seeks << What is YOUR current belief on Adam and Eve…& evolution? Of course, as long as it remains within Church teaching >>
What is hardest to reconcile is the notion of “biological monogenism” (i.e. Adam and Eve were the only two people on earth) with science. Some Catholics maintain that is what Pius XII meant (the polygenism vs. monogenism topic). However, it is easier to reconcile “biological polygenism” (there was a population of people on their way to becoming fully human), with spiritual or theological monogenism (there was one couple God chose to give souls), and science. I.E. God chose one couple among the population of hominids and “ensouled” them. That’s my position today.
There was always a population of whatever hominid (Australopithecines, Homo erectus, homo sapiens, neandertals, etc) you want to talk about; there was never “just two people” on earth (if there were, that species was going extinct).
Other Catholic theologians/scientists would not try to reconcile a literal, historical Adam/Eve but would suggest that the human soul, along with our brain, mind, consciousness, and intelligence, evolved along with the physical human body. This is the view that John Haught takes in Responses to 101 Questions on God and Evolution. I quote Haught:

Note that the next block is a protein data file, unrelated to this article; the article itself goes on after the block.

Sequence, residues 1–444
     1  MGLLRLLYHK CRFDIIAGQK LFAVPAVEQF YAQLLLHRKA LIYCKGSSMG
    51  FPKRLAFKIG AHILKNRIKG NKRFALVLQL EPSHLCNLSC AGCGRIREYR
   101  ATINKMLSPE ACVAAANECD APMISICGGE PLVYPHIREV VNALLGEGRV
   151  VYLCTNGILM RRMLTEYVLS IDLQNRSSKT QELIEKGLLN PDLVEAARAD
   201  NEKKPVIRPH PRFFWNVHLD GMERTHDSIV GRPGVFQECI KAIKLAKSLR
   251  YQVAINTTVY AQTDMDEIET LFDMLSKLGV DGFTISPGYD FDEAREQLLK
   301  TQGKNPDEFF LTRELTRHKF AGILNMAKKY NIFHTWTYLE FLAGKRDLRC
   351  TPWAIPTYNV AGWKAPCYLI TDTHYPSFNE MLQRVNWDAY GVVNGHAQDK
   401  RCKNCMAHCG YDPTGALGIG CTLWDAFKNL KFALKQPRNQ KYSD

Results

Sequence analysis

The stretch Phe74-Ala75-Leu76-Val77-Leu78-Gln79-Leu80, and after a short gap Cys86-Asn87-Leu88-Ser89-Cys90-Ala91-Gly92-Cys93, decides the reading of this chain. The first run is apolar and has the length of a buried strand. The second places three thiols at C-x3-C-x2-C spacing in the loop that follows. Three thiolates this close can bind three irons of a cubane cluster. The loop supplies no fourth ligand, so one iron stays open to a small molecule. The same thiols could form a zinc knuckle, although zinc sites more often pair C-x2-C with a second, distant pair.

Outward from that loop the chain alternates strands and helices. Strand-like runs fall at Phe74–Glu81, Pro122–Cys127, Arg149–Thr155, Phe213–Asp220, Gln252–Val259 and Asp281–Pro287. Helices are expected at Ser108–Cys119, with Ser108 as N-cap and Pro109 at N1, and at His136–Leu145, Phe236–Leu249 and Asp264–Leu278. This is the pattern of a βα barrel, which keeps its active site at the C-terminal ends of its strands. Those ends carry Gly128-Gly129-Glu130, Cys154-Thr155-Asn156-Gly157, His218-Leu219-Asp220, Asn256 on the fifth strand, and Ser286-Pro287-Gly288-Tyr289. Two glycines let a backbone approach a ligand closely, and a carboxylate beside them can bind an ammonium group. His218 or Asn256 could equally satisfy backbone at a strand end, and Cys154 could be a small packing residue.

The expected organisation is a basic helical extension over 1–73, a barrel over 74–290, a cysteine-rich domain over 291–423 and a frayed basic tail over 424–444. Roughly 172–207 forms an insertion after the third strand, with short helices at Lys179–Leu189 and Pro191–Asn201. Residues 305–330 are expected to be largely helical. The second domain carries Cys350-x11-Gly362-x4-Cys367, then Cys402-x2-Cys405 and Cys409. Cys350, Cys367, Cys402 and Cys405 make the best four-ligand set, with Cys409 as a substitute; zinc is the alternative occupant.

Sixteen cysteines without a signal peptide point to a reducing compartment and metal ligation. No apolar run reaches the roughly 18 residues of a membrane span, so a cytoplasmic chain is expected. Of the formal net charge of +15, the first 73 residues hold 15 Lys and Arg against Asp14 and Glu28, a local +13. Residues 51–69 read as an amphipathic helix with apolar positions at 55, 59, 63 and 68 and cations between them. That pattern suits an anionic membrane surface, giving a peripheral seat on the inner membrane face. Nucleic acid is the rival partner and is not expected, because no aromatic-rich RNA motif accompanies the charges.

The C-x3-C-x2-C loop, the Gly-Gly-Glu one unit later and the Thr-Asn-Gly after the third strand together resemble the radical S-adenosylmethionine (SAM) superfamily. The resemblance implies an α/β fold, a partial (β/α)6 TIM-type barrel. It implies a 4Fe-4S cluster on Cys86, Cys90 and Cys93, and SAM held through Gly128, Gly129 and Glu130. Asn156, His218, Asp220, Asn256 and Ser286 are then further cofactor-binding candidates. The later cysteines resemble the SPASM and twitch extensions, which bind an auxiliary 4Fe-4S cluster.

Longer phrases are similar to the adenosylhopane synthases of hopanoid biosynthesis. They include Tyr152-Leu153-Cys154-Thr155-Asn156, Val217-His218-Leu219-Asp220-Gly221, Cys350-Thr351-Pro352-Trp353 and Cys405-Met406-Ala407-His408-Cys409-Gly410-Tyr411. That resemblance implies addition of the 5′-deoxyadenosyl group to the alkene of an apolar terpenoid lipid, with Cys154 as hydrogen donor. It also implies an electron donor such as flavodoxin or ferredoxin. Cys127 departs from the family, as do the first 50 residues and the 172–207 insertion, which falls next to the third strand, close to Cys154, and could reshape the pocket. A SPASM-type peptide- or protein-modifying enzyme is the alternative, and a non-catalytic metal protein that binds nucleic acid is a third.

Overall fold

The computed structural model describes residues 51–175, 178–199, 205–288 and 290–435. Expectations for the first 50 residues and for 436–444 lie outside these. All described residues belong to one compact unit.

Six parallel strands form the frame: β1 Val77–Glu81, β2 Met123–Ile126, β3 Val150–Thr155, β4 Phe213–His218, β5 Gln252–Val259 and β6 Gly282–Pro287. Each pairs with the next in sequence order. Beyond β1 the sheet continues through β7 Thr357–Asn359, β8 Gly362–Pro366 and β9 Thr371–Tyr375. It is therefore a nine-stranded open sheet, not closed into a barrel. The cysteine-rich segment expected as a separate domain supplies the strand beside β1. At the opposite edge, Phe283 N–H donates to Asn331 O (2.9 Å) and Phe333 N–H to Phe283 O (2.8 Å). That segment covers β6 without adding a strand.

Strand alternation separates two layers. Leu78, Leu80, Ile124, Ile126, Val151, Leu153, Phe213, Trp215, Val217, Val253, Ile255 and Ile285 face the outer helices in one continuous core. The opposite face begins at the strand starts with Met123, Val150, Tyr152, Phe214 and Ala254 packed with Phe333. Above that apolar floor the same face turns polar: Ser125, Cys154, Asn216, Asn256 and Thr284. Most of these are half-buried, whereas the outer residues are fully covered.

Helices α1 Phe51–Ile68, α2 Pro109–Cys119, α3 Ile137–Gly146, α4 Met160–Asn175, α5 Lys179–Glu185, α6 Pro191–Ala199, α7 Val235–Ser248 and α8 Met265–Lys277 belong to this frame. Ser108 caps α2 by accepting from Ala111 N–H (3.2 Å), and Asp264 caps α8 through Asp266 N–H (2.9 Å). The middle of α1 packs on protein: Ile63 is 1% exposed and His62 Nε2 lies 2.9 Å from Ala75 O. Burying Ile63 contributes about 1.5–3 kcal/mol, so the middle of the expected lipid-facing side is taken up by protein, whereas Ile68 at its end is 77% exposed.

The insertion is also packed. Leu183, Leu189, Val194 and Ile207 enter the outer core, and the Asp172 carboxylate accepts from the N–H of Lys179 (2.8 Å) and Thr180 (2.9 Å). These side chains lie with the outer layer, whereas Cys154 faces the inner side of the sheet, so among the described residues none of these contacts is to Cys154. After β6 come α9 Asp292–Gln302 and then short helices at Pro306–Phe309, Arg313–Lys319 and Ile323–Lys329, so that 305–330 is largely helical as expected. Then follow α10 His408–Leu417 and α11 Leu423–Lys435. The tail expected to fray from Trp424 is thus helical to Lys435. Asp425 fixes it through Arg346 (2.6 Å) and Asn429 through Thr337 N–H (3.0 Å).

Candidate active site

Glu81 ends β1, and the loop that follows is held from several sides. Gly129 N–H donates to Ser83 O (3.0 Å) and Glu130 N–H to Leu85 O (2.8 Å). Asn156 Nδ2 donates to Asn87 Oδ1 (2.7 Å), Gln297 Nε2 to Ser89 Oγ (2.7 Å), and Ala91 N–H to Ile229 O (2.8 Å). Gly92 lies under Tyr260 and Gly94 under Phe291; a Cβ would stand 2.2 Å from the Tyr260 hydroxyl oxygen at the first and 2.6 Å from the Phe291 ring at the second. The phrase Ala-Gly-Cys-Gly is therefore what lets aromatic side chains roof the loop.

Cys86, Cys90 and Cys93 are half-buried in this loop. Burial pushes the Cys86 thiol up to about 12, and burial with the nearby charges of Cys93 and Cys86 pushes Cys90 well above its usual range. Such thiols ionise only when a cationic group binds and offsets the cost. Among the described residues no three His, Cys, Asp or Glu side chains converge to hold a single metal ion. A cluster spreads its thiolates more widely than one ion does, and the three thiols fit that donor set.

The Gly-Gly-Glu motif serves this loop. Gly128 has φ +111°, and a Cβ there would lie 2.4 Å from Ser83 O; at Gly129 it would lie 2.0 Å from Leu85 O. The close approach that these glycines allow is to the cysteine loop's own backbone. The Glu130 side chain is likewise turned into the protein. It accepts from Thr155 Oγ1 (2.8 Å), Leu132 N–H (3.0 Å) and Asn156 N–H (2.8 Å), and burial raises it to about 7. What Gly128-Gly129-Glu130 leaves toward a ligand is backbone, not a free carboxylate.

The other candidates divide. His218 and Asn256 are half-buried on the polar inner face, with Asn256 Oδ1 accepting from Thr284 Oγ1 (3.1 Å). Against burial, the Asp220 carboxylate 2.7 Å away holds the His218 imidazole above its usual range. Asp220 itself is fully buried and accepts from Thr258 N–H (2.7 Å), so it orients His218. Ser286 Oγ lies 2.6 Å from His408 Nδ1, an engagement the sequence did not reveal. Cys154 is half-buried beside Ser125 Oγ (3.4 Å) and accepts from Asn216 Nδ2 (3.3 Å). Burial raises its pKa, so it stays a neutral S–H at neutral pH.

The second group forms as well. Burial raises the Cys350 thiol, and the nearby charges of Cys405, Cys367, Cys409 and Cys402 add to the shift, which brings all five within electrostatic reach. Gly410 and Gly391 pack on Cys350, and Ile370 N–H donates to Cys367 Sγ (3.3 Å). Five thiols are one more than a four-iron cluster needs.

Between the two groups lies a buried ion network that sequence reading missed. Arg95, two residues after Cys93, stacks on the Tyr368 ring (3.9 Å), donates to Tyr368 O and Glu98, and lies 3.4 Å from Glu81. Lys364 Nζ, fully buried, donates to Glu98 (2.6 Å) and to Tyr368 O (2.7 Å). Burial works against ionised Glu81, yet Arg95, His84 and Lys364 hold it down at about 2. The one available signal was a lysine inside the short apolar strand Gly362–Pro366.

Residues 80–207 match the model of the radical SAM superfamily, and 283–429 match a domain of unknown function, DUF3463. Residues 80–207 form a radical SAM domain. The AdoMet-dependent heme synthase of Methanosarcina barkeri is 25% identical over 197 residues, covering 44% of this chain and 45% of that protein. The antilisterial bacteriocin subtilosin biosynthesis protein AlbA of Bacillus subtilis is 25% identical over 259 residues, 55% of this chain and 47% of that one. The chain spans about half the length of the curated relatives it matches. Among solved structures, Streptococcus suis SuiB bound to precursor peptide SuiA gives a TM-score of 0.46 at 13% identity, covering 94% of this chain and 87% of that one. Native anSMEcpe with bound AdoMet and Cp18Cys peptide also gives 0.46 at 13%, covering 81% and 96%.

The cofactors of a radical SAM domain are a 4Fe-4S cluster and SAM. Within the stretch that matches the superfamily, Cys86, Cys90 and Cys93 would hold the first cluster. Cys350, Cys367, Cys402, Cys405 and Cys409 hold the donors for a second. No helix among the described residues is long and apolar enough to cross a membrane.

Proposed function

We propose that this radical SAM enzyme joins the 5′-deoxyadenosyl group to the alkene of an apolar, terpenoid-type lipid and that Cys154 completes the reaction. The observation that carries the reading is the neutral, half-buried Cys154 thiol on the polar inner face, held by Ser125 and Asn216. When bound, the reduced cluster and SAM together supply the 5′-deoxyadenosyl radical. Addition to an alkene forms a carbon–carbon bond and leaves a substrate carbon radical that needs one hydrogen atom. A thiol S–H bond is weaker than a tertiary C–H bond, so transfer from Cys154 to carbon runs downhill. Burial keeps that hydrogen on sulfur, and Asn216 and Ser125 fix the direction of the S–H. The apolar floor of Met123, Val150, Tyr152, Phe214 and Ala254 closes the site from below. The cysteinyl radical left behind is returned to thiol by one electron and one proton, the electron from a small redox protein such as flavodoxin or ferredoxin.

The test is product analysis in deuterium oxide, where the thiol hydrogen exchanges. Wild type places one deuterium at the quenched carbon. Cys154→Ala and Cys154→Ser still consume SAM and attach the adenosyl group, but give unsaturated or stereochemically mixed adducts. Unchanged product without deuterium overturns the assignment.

“Perhaps, then, Darwinian science compels us now to reconsider what we mean by the ‘soul.’ … But even in a scientific age it is not too speculative to attribute an interior aspect to each living being. Maybe all living organisms have an aspect of ‘subjectivity’ hidden from scientific objectification. In each of us this interiority would be associated with a distinctively human soul. But other living beings may possess a hidden ‘subjectivity’ – widely varying in the degree of experiential awareness – where they are intimately touched by and participate in the divine Spirit whom we may refer to as Life-Itself. Once we allow for this broader understanding of soul, we may interpret evolution as the momentous story of soul-emergence. Evolution is the adventure of life gradually becoming more conscious, centered, free and capable of love – but also capable of great evil. This understanding allows us to move beyond the artifice of thinking that God abruptly ‘injects’ prefabricated ‘souls’ into our species or into our bodies at certain artificially defined points in evolution or embryogenesis. Instead we may understand the Spirit of God as present in all of life, animating each species in a manner proportionate to its characteristic mode of organic or informational complexity. The emergence of the human soul, then, would not be a glaring exception to this animating process, but instead a most intense exemplification of a general aspect of creation and evolution.” (Haught, Responses to 101 Questions on God and Evolution [Paulist Press, 2001], question 19, page 27-28)